In 1932, a radio talk for Toxoid Week blared: "If your children die of diphtheria, it is your fault because you prefer not to take the trouble to protect against it."

Other talks emphasized the suffering of children with diphtheria: "One can imagine no more heartrending sight than this of a child struggling, fighting for breath, his little face gradually becoming darker as his blood is affected by the process, with death ever and ever nearer."

One radio program asked: "Is your child toxoided? If not," it scolded, "he is a definite menace to himself" and to other children. The talk compared the un-toxoided child to the spark that starts a raging forest fire.

Skyrocketing immunizations

Toxoid Week was a remarkable success. By the early 1930s, the incidence of diphtheria plummeted. In much of the rest of the country, where publicity was not as intense, diphtheria continued to be a problem.

In 1948, when Toronto had zero cases of diphtheria, there were still 900 cases of nationwide.

The success of Toronto might be due to the extensive public health infrastructure compared to other regions. But there are some signs that Toxoid Week did make a difference.

When Toxoid Week began, the number of immunizations skyrocketed. Figures from the 1930s and early 1940s also suggest that children were significantly more likely to be vaccinated in the weeks after the campaign.

A survey undertaken by the Health League of Canada in 1947 indicated that more than half of the doctors believed that Toxoid Week led to more requests for vaccination.

Do we need another campaign?

It seems worth asking whether the tactics of shame and guilt employed were responsible for this success.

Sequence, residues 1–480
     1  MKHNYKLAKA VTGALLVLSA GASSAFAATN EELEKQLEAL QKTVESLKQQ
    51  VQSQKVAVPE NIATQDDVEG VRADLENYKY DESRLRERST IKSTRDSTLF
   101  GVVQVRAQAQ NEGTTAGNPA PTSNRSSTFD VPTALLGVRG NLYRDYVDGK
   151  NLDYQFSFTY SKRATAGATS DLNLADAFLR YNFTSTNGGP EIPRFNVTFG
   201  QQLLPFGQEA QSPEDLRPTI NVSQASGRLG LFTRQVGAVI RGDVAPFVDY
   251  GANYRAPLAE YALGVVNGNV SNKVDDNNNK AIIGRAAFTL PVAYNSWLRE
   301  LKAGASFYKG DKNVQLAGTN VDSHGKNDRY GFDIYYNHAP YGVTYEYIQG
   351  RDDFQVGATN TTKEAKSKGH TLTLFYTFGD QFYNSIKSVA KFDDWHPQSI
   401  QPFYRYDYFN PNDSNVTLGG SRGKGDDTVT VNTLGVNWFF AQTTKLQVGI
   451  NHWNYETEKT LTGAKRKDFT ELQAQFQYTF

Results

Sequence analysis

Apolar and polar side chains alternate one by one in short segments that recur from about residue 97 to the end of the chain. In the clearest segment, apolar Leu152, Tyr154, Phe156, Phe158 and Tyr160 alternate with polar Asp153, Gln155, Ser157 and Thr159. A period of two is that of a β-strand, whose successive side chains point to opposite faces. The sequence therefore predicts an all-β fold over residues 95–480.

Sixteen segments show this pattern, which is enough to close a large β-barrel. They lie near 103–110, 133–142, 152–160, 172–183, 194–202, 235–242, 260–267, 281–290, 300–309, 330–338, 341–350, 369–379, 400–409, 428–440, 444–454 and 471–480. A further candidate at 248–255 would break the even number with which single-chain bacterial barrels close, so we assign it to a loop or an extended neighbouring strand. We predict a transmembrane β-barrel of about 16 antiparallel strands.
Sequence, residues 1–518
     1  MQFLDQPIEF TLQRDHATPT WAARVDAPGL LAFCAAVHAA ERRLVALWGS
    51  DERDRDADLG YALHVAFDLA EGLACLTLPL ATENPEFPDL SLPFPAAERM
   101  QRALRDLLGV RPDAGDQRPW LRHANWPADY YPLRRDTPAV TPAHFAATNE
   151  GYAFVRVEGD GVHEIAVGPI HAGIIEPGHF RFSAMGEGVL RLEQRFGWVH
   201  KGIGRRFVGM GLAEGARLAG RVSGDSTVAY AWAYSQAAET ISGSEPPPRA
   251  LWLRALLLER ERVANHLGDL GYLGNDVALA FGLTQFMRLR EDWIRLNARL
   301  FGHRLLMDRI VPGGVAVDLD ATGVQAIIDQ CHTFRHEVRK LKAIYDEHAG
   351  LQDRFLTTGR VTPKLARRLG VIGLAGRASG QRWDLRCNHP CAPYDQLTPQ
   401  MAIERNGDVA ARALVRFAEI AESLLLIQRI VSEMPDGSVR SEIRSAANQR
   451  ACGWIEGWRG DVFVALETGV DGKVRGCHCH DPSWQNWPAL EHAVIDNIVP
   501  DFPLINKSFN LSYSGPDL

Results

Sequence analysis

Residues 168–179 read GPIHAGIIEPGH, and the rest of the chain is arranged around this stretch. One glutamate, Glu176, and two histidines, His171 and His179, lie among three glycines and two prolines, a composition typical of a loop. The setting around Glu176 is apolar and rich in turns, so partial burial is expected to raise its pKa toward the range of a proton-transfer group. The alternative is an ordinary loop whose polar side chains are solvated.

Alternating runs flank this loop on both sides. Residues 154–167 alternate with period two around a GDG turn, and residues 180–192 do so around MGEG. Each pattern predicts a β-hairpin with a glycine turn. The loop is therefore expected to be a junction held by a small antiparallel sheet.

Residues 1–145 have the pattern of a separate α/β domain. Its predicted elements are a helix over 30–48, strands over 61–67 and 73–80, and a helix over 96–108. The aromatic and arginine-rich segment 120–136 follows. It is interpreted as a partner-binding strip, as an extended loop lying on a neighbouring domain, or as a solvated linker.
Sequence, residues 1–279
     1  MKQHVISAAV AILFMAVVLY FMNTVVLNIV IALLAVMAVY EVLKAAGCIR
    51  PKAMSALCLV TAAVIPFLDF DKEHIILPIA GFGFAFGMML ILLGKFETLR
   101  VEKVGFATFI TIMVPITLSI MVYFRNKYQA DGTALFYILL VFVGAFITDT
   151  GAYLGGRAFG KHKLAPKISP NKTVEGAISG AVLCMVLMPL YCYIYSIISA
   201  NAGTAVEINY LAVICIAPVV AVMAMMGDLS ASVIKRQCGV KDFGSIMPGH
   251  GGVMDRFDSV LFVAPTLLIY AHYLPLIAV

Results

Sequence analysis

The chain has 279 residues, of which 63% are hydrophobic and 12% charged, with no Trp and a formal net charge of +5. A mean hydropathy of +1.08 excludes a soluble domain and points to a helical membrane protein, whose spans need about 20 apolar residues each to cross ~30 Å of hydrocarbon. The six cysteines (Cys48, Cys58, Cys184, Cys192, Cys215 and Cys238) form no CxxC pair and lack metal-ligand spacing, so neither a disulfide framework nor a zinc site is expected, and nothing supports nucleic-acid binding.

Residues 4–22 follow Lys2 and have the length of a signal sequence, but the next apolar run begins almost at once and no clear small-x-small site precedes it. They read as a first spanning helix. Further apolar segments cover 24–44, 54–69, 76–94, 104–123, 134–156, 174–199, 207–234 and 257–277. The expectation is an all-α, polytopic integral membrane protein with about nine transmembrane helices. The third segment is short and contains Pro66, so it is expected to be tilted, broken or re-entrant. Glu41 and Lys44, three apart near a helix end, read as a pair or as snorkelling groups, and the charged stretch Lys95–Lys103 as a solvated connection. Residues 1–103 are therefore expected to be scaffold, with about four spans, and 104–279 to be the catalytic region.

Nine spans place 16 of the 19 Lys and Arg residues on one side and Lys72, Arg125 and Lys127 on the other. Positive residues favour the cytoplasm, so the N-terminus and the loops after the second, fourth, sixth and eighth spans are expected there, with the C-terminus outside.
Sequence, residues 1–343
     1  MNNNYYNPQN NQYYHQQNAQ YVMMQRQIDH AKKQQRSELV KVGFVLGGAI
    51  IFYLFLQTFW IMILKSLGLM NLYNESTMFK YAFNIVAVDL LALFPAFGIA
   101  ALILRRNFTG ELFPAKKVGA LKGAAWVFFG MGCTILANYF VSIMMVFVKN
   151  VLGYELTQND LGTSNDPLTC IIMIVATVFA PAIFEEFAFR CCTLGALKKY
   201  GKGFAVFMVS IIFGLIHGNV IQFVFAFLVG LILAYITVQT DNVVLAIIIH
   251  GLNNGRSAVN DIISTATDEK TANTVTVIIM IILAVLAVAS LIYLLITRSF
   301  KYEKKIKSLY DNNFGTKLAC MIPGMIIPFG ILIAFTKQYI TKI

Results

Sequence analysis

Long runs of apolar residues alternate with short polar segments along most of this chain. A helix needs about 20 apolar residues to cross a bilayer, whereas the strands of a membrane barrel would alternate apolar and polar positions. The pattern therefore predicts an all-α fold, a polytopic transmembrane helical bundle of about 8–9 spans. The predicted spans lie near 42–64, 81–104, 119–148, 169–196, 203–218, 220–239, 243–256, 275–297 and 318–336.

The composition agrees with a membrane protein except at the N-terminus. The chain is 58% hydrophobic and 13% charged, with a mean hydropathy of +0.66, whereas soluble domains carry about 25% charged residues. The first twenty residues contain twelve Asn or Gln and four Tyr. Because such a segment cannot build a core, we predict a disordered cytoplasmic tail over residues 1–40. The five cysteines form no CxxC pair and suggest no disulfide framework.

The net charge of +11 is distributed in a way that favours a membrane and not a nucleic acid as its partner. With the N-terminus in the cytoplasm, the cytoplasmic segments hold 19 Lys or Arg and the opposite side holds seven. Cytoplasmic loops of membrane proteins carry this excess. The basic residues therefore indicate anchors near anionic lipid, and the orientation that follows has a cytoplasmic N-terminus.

Could equally good results have been achieved from a campaign that stressed the benefits of toxoid, and assumed that parents would automatically do the best for their children, without the shame?

We will never know. But the annual publicity blitz did help to remind parents of the importance of having their children vaccinated. And the campaign greatly reduced childhood mortality and suffering.

Today, most Canadian parents do believe in getting their children vaccinated. A 2015 report from Statistics Canada, the Childhood National Immunization Coverage Survey, found that 97 per cent of parents believed that vaccines were safe and 98 per cent believed they were effective and important for their child's health.

Results from the same survey show, however, that by two years of age, only 89 per cent of children were vaccinated against measles and only 77 per cent had received all four doses of the DPT (Diphtheria, Pertussis and Tetanus) vaccine.

If we wish to improve these vaccination rates, perhaps something like Toxoid Week —rather than the suggested by the Brandon School Division —could help?

The statistics and quotations detailed in this article are all taken from archival sources. They are documented in the book Be Wise! Be Healthy! Morality and Citizenship in Canadian Public Health Campaigns.

Catherine Carstairs, Professor and Chair, University of Guelph; Bethany Philpott, Family Medicine Resident, Queen's University, Ontario, and Caitlin Fendley, Graduate Teaching Assistant/Ph.D. student in History, Purdue University

Explore further: Diphtheria kills 21 in Bangladesh Rohingya camps: WHO

Related Stories

Diphtheria kills 21 in Bangladesh Rohingya camps: WHO

December 19, 2017